The goal line technology is good. It is instant. But the farce with the Swiss penalty against Portugal, while probably correct admittedly, is taking something away from the game I prefer to watch.

And again I have used the word probably, not definitely.

Whilst it is good to help the officials in a faster than ever game, it is now making winning even more important. And I do see even more controversy in the EPL next season. We have been used to seeing attackers diving in the box. Will we now see defenders doing the same particularly after Wilson's goal was ruled out?

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I think I've asked this before - what decisions will / won't be up for review by VAR?

Contentious penalty decisions - yes.  Contentious free kick opportunity - no? (unless it is to decide whether a penalty should be given).  Will the new rules around the goalkeeper's positioning when a penalty is taken be subject to VAR?

Offside decision when a 'goal' is scored - yes.  

Are all goals subject to VAR? e.g. a foul in the build up, ball going out of play?

Anything else?  Yellow/Red card offences?  Diving?

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I'm sure VAR will come to be a good thing as the technology (and its application) improves. I think a lot of the criticism stems from the generally low level of punditry and commentary in football, especially when compared to cricket. It seems to me that we are bombarded with the opinions of ex players who often struggle to understand the modern game at the best of times - a bit like trying to talk to your grandad about the internet.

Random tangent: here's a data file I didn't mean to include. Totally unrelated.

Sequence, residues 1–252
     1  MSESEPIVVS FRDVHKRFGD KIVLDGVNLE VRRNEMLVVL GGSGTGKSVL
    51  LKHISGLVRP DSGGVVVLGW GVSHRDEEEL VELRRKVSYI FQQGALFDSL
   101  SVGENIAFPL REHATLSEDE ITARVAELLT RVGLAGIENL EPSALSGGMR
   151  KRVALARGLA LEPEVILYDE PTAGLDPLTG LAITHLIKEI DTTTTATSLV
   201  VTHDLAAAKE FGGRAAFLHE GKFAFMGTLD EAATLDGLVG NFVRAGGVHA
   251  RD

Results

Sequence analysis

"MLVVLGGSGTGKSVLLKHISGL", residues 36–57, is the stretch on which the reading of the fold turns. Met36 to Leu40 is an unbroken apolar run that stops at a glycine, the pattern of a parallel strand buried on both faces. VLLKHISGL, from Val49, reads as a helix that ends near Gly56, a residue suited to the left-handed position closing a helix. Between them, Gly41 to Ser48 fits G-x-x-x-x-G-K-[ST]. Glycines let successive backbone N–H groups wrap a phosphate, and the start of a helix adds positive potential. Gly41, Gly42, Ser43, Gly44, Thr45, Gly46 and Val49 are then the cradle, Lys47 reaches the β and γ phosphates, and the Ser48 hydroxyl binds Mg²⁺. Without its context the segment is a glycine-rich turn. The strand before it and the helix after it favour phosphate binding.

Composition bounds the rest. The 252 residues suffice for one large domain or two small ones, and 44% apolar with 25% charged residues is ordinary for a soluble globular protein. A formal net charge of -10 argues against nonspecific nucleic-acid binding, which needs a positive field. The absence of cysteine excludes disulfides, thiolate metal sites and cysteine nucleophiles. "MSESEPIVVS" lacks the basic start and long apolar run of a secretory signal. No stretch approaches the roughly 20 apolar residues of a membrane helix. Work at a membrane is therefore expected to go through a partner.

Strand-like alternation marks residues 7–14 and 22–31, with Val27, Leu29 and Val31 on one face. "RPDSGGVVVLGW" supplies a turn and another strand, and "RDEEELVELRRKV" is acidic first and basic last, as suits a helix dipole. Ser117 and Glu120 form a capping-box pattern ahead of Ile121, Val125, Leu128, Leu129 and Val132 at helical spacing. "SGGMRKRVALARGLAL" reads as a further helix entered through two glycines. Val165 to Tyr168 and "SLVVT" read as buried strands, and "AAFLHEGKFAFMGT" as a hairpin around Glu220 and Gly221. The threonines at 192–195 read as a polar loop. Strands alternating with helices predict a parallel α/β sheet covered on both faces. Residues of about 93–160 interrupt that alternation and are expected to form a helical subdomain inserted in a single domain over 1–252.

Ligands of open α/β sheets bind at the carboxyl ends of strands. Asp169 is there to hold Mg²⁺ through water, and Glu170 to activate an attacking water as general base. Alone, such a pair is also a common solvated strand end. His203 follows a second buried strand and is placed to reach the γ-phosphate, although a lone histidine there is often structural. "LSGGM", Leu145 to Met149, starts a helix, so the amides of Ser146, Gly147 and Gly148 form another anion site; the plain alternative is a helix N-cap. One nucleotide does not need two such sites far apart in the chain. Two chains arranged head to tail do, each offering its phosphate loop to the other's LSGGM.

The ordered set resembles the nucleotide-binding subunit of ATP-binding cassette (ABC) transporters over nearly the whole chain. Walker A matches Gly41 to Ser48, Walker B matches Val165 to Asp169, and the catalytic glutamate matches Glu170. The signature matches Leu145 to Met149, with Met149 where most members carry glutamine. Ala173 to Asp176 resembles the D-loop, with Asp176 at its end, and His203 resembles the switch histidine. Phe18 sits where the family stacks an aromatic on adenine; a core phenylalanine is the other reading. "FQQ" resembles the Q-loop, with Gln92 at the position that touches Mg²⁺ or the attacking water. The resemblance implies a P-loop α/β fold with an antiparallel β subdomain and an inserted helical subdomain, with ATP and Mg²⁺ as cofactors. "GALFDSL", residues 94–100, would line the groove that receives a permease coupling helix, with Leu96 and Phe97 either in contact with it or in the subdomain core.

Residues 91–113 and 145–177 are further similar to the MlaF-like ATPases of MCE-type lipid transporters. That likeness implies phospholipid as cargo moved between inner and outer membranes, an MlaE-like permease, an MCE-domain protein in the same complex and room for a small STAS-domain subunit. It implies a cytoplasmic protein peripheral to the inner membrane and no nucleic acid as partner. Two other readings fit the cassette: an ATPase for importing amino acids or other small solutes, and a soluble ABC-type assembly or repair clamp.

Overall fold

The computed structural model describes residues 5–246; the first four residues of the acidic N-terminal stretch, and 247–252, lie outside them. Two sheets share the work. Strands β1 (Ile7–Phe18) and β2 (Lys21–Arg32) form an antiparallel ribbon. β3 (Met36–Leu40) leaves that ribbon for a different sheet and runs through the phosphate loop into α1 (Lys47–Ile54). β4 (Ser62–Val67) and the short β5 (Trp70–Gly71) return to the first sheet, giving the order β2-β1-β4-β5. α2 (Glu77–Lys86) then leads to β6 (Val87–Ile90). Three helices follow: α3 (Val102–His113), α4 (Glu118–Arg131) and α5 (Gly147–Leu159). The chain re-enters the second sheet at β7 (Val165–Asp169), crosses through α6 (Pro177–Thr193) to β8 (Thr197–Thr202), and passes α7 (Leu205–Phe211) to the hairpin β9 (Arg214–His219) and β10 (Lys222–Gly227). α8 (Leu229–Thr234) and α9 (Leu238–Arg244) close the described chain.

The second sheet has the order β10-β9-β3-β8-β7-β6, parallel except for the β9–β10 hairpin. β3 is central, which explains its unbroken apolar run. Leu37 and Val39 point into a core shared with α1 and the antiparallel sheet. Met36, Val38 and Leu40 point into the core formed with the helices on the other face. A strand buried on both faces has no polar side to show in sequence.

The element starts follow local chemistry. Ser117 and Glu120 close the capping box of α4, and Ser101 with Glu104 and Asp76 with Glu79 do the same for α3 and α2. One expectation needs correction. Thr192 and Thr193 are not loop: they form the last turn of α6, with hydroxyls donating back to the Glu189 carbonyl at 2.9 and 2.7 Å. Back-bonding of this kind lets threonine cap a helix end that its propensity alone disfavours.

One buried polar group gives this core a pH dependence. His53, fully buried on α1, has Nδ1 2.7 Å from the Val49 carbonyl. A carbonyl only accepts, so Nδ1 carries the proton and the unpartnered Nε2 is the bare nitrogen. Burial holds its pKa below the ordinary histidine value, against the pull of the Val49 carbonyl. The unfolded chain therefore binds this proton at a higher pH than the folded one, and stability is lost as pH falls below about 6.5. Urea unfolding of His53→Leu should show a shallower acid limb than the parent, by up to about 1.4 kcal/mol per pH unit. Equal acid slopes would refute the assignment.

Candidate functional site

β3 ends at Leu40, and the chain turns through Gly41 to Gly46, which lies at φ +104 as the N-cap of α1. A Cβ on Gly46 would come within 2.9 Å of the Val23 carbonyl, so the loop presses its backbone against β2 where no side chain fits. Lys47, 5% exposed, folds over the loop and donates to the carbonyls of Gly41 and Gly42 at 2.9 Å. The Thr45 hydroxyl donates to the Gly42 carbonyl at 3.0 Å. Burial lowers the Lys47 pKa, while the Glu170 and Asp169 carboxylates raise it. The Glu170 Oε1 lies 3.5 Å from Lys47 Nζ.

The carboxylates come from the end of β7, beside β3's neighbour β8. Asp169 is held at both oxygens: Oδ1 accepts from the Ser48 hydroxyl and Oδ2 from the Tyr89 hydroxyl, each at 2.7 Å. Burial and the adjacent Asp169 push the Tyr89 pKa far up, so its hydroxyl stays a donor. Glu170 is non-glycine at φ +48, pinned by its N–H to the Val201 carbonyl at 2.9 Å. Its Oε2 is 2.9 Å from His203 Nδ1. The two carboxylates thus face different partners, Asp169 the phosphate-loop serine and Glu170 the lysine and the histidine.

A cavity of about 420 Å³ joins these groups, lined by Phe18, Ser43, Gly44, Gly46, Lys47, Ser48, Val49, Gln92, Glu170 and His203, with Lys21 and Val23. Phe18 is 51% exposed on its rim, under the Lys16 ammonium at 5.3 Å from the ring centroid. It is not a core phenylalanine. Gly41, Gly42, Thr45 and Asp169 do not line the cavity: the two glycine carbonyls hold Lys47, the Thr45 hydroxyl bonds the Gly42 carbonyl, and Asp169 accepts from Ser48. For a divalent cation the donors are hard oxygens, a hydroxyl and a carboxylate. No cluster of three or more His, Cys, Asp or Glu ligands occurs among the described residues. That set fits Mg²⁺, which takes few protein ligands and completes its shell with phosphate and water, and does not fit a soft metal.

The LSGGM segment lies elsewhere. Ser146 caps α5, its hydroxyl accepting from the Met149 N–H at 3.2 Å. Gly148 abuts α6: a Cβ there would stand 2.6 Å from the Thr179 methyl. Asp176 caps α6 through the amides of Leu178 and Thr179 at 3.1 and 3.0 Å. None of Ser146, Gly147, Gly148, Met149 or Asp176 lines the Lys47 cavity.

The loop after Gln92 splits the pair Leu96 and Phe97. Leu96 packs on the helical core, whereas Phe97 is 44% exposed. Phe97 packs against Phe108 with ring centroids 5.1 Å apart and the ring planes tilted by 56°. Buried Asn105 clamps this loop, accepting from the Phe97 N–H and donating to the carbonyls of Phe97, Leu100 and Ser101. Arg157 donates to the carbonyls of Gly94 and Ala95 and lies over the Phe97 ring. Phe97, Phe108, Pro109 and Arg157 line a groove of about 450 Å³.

It wouldn't be much of a technological stretch to be able to give the linesman an immediate binary indication of whether a player is offside or not which could trigger as soon as they touch the ball following a forward pass. Just a few more cameras and some carefully programmed algorithms and you would be able to track every part of every player on the pitch in real time. That is the ideal scenario. Until then, surely it is better to correct mistakes where possible, even at the expense of losing a bit of the flow of a game?

Lingard was offside. It was frustrating because it was tight, but it was the correct decision. The Swis penalty was also correct. It is changing the game, but in a good way in my opinion.

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10 minutes ago, Petriix said:

Lingard was offside. It was frustrating because it was tight, but it was the correct decision

Yes he was, and we'd have been screaming for it if it had been at the other end.

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The worrying thing for me is how it became the major talking point of three of the four games.

I think the right calls were made in the end (which is the most important thing) - but I think it will take some time to feel 'natural'.

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I think a lot of the criticism stems from the generally low level of punditry and commentary in football, especially when compared to cricket

In Cricket especially, but all the other sports that use it, there is immediate acceptance. Referees still get hounded even after the VAR decision in football. Who will be the first player booked or dismissed for arguing about VAR.

The inability to sort out handling offences is leading to a position where if it touches you arm or hand, it is an offence. That isn't justified IMO.

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As I  wrote in the "Anyone watching England" thread '